The rain stopped for a while on the night of the Hills of Gold bioblitz in Johnson County, Indiana. I set my single ultraviolet light on a hilltop, following a muddy climb up a steep logging trail. My light faced a different downslope than the nearby, more elaborate multi-light array of the Purdue beetle team led by Jeff Holland. My aim was moths, and a satisfying variety came to the sheet lit by my UV tube. Today I will share photos of some of the more spectacular insects we found.

The biggest was this tulip-tree silkmoth which came to one of the Purdue lights.

The biggest was this tulip-tree silkmoth which came to one of the Purdue lights.

Two of these beautiful, strikingly marked green moths came to my station. Their English name is appropriate: green marvel.

Two of these beautiful, strikingly marked green moths came to my station. Their English name is appropriate: green marvel.

Another eye-catcher was this one, curiously named The Hebrew.

Another eye-catcher was this one, curiously named The Hebrew.

The unadorned carpet was one of the moths commonly encountered during the day. One came to the sheet as well.

The unadorned carpet was one of the moths commonly encountered during the day. One came to the sheet as well.

The splendid palpita has attractive patches of pinkish brown on all four wings.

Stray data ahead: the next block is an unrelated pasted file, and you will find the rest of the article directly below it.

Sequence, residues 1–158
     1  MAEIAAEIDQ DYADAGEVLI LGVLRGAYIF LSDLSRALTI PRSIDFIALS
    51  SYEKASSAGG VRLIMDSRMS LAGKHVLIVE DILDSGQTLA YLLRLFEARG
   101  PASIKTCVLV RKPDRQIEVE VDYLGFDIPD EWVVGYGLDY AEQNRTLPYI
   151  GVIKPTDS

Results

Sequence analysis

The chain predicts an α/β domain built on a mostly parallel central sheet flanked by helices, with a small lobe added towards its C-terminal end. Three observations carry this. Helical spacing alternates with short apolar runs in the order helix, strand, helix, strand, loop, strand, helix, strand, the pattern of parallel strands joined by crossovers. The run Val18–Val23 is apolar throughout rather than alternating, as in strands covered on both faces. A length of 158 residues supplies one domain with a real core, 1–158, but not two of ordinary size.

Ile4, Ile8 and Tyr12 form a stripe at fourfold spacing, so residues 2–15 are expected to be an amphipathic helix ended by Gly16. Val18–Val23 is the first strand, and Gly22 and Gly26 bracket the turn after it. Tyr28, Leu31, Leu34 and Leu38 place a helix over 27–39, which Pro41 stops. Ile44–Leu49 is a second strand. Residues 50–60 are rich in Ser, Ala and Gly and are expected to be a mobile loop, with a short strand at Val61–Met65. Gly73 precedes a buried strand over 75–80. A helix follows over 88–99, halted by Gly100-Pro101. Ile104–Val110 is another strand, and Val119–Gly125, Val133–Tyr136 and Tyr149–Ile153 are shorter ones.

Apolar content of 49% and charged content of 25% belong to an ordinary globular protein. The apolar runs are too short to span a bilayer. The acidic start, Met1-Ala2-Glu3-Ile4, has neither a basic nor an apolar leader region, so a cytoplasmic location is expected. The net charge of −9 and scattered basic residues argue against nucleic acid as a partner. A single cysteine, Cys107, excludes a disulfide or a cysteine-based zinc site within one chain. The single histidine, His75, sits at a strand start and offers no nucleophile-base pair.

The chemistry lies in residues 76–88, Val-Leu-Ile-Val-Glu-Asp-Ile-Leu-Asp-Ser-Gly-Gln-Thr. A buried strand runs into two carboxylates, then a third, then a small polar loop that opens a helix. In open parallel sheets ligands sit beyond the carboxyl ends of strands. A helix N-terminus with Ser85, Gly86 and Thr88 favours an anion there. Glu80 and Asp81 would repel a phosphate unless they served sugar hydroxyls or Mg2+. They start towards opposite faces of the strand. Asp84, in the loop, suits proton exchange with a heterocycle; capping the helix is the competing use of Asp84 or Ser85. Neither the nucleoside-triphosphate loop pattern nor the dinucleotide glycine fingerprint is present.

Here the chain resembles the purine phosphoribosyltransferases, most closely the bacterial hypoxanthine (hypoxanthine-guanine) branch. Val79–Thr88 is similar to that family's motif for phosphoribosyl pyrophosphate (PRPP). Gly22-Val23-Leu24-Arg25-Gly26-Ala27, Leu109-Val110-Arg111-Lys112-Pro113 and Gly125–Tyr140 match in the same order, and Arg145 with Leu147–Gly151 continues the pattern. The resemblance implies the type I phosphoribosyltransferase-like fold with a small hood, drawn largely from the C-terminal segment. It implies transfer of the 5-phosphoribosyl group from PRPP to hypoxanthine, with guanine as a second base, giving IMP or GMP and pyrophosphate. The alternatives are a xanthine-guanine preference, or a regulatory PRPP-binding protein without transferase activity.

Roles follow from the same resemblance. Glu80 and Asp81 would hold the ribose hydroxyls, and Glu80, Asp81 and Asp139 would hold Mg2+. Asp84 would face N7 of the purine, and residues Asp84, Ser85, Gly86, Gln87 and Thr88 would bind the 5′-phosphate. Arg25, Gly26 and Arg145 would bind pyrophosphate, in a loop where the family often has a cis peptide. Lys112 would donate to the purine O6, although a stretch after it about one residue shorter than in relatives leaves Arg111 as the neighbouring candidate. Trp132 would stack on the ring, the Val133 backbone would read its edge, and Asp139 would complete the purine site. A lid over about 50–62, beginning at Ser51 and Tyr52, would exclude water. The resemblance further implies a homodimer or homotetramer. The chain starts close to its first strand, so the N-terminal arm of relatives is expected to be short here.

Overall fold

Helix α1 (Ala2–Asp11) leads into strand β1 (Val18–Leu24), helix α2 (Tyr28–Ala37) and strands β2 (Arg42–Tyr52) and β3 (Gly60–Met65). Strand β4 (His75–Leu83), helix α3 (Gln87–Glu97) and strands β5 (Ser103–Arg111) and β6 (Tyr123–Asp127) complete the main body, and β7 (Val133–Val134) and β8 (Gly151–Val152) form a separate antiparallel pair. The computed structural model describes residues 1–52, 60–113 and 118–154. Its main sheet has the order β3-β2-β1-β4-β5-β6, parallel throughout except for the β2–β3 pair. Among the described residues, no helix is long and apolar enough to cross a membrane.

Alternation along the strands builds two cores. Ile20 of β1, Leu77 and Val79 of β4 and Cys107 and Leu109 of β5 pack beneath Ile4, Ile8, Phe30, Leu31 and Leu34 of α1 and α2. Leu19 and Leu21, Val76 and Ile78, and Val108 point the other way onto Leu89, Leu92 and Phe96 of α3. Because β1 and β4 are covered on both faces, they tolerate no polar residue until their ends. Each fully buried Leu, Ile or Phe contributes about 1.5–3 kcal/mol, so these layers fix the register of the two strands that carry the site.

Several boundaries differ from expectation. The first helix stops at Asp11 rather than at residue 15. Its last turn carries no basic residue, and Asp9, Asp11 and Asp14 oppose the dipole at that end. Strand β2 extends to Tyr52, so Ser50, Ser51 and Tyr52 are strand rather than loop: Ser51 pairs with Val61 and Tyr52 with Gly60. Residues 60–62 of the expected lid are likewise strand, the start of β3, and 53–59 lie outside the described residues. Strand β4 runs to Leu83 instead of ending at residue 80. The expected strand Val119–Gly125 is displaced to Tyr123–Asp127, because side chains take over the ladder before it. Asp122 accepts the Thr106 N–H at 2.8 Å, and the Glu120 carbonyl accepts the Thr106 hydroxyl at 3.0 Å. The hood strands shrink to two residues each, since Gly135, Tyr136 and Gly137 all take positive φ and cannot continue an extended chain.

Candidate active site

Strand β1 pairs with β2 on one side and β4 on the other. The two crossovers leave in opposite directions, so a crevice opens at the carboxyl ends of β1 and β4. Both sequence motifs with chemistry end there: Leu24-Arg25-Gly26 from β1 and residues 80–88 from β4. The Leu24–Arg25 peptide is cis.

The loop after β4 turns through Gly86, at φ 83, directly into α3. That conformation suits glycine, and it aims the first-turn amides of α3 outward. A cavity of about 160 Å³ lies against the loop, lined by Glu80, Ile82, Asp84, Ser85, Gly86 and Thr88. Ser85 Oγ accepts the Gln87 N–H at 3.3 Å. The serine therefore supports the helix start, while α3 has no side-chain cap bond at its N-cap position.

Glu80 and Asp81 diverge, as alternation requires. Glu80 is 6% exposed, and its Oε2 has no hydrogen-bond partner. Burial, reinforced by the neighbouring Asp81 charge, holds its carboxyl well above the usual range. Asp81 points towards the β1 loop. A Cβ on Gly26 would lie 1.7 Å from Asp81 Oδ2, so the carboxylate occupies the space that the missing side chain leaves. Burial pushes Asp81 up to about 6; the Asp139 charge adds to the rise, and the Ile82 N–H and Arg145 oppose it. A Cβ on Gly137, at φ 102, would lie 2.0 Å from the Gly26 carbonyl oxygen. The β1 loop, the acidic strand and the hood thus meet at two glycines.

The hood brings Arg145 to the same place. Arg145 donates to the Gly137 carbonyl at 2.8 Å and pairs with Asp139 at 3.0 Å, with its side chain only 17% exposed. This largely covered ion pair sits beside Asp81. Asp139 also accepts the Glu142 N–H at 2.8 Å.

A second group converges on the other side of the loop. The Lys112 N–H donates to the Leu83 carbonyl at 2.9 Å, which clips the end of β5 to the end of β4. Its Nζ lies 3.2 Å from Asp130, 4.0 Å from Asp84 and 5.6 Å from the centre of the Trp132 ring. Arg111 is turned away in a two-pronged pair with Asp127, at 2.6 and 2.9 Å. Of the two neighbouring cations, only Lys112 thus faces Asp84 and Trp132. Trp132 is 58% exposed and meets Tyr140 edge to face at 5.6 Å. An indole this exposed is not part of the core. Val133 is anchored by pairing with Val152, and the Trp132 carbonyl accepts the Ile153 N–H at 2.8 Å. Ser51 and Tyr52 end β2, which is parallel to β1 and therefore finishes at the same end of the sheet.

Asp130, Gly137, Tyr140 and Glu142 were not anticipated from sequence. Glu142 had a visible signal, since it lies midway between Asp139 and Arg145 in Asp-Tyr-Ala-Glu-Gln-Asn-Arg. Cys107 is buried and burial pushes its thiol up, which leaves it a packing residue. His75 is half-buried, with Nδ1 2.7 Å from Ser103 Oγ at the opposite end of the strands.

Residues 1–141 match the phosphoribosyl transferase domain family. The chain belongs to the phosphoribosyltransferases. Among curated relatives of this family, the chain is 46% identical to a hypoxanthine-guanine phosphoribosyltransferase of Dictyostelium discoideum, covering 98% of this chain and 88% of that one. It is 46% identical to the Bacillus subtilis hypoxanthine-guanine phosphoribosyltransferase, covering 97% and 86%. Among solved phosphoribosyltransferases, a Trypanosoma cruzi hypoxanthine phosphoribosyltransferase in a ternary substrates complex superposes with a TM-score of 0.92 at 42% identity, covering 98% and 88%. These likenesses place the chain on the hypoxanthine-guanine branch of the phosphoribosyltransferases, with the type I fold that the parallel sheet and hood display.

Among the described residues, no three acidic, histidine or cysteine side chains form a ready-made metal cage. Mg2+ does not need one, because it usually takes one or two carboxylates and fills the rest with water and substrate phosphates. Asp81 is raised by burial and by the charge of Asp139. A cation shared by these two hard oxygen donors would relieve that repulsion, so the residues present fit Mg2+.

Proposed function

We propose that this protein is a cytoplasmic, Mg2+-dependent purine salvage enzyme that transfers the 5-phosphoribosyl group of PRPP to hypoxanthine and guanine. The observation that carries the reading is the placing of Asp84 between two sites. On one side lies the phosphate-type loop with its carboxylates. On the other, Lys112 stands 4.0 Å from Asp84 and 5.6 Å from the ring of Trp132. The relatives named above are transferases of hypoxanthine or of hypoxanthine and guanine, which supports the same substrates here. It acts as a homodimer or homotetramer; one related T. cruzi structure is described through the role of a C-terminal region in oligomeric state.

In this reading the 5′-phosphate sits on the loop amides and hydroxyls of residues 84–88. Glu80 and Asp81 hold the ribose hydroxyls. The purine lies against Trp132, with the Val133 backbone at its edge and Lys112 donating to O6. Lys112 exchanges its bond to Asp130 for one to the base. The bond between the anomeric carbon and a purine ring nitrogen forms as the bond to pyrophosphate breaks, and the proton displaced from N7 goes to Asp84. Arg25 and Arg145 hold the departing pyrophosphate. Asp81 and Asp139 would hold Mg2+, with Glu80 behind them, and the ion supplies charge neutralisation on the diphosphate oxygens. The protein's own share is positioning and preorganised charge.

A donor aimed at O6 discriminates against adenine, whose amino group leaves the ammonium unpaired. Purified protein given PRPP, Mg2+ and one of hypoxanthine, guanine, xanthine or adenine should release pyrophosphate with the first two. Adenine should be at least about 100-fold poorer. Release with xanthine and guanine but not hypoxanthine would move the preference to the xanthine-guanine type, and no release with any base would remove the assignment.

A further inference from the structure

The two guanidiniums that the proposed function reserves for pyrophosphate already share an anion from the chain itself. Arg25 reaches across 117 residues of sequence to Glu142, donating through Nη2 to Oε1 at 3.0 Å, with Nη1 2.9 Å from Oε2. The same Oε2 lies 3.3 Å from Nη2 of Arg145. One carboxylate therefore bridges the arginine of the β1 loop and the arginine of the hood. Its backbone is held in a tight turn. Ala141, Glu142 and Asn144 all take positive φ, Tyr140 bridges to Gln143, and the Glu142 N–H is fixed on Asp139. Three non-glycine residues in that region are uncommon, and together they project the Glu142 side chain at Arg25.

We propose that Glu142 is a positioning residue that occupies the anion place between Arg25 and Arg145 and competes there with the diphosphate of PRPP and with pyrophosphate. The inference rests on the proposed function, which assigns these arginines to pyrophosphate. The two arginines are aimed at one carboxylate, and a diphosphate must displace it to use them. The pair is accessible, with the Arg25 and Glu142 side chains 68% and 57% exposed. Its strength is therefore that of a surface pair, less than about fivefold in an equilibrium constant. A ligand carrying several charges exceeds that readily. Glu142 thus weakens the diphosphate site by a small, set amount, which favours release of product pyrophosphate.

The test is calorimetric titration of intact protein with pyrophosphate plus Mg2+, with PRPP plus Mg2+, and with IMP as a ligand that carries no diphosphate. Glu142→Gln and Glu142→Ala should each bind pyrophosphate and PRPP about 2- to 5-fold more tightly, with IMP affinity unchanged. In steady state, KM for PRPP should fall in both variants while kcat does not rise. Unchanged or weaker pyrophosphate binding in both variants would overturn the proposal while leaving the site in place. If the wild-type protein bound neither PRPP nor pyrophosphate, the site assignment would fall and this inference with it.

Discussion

The splendid palpita has attractive patches of pinkish brown on all four wings.

According to its page in the BugGuide website, the brown-spotted zale actually is a species complex containing several species distinguishable only by dissection.

According to its page in the BugGuide website, the brown-spotted zale actually is a species complex containing several species distinguishable only by dissection.

That last point may well be true of many of the moths of the North American forests. This is where I need to compromise my reluctance to collect insects. There are enough instances of sibling species or cryptic species among the moths that voucher specimens are necessary. Given the growth of DNA analysis, two specimens per species per site may be the standard I will need to follow, so that one or part of one could be sacrificed to future chemical analysis. From an ecological as well as an evolutionary standpoint, the existence of these cryptic species is an interesting problem that needs to be sorted out.

Of course, many insects other than moths came to my sheet. This fish fly appears to be Chauliodes pectinicornis.

Of course, many insects other than moths came to my sheet. This fish fly appears to be Chauliodes pectinicornis.

Several fiery searchers prowled my sheet and its vicinity. These large beetles are predators that frequently attack caterpillars.

Several fiery searchers prowled my sheet and its vicinity. These large beetles are predators that frequently attack caterpillars.

Next time I will elaborate on other moths that were drawn to the lights. These illustrate a number of additional points about forest moth populations.